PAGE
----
A New Star -- By: C. Norman Bartlett
BSac 89:355 (July 1932) p. 346
A New Star
A new star in the skies of Philosophical theology is an event to be hailed with acclaim on the part of Christian thinkers. Just such a phenomenon is a recent book by President Nathan R. Wood entitled “The Secret of the Universe” and published by Fleming H. Revell Co. It is a monograph that merits the highest recognition by virtue of its striking originality. Having read most of the really significant works that have been appearing of late in the allied fields of theism and cosmology, the present reviewer can honestly testify that not one of them has so powerfully gripped his mind through sheer weight of creative thought as has this book by Dr. Wood. Far from being a rehash of the views of other scholars, past and present, his treatise makes a real contribution to thought that will have to be reckoned with by theologians and philosophers, regardless of whether they agree or disagree with the author’s conclusions. The thesis he seeks to establish is too daringly aggressive to be ignored. Sooner or later it is bound to precipitate red-hot discussion in theological, philosophical and scientific circles.
Instead of undertaking to give a detailed analysis of this significant treatise, our aim in this review is to present its high lights in such a way as to whet our readers’ appetites to the point where they will buy, beg or borrow the book for themselves, in order to pursue its fascinating trails of reflection to unexpected vistas of beauty and outlooks of grandeur.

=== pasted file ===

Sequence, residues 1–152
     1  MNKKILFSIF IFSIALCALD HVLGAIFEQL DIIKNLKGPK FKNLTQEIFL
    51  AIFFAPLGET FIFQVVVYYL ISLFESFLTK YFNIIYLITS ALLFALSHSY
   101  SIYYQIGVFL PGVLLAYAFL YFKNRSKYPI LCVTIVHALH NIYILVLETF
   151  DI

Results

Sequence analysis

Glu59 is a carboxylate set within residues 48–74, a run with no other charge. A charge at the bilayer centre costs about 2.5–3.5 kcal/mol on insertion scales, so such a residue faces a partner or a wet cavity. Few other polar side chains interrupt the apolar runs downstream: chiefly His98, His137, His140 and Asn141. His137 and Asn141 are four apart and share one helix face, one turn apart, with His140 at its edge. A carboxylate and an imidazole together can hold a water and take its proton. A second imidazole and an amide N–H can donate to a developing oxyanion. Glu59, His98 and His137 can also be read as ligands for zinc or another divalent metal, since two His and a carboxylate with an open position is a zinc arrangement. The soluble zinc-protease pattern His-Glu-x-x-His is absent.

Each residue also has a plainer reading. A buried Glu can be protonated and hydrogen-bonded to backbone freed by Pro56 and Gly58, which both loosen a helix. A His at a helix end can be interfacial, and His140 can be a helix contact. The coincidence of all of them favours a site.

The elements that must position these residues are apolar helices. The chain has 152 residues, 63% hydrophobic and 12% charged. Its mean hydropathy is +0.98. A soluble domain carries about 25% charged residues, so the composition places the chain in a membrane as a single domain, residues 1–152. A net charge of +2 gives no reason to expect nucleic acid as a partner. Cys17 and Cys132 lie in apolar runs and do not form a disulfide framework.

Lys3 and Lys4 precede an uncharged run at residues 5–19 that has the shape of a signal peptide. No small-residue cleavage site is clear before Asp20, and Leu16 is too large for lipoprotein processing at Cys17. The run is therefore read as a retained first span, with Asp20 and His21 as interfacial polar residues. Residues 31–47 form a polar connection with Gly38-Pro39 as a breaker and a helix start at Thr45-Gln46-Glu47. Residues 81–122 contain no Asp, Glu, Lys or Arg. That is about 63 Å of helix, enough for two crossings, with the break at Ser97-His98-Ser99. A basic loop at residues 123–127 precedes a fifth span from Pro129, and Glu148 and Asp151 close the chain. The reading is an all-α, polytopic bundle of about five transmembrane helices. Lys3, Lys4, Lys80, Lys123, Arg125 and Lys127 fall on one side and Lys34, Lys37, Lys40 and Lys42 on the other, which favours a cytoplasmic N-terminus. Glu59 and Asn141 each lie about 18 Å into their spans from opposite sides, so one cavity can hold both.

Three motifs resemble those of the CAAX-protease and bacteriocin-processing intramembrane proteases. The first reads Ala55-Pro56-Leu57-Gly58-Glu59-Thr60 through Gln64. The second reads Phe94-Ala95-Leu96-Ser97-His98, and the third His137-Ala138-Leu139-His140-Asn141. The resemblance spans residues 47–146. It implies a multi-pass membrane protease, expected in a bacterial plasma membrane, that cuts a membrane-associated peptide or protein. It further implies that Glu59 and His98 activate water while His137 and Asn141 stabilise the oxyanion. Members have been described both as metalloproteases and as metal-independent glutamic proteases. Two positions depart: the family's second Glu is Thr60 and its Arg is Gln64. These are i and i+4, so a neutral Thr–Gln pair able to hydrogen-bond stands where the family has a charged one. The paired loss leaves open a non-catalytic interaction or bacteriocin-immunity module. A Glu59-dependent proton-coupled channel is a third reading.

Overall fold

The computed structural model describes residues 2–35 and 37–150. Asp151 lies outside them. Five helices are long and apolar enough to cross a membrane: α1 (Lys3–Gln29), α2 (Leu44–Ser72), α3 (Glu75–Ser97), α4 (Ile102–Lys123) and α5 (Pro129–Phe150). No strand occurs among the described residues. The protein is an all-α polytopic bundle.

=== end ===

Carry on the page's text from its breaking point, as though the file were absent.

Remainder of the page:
The writer handles his sacred theme with utmost reverence. He employs his brilliant thinking powers to magnify rather than to belittle the eternal verities of God, and the result is a book that illuminates and glorifies one of the profoundest mysteries of our Christian faith.
Those who hold that evangelical conviction and philosophical acumen are mutually exclusive are likely to be
BSac 89:355 (July 1932) p. 347
disillusioned upon reading this book, for Dr. Wood is at one and the same time an earnest believer in the gospel and a remarkably subtle thinker. He is thoroughly conversant with the main currents of scientific and philosophical thought of earlier days and fully abreast of contemporary discoveries and hypotheses. At the same time he is master of, not mastered by, his learning. He is not to be browbeaten by unwarranted assumptions, nor intimidated by formidable authorities who seek to overthrow Christianity with spurious scholarship. He knows the difference between bullets and blank cartridges. He thinks for himself. With the power born of genius he manipulates and refutes metaphysical conceptions that the ordinary mind is unable even to comprehend.
And now for a few wor...
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